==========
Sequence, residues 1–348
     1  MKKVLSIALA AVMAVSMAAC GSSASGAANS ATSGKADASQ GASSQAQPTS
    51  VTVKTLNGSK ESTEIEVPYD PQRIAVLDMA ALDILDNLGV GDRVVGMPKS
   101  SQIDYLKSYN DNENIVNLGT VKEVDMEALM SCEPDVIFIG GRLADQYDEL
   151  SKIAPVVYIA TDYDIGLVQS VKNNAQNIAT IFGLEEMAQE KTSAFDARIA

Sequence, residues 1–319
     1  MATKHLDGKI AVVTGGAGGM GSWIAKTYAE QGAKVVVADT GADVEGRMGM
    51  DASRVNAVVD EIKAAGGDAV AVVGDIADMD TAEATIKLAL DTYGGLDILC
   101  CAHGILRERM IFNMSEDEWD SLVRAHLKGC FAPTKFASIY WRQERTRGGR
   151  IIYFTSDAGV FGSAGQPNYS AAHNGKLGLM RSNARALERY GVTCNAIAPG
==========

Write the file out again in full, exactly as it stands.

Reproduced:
Sequence, residues 1–348
     1  MKKVLSIALA AVMAVSMAAC GSSASGAANS ATSGKADASQ GASSQAQPTS
    51  VTVKTLNGSK ESTEIEVPYD PQRIAVLDMA ALDILDNLGV GDRVVGMPKS
   101  SQIDYLKSYN DNENIVNLGT VKEVDMEALM SCEPDVIFIG GRLADQYDEL
   151  SKIAPVVYIA TDYDIGLVQS VKNNAQNIAT IFGLEEMAQE KTSAFDARIA

Sequence, residues 1–319
     1  MATKHLDGKI AVVTGGAGGM GSWIAKTYAE QGAKVVVADT GADVEGRMGM
    51  DASRVNAVVD EIKAAGGDAV AVVGDIADMD TAEATIKLAL DTYGGLDILC
   101  CAHGILRERM IFNMSEDEWD SLVRAHLKGC FAPTKFASIY WRQERTRGGR
   151  IIYFTSDAGV FGSAGQPNYS AAHNGKLGLM RSNARALERY GVTCNAIAPG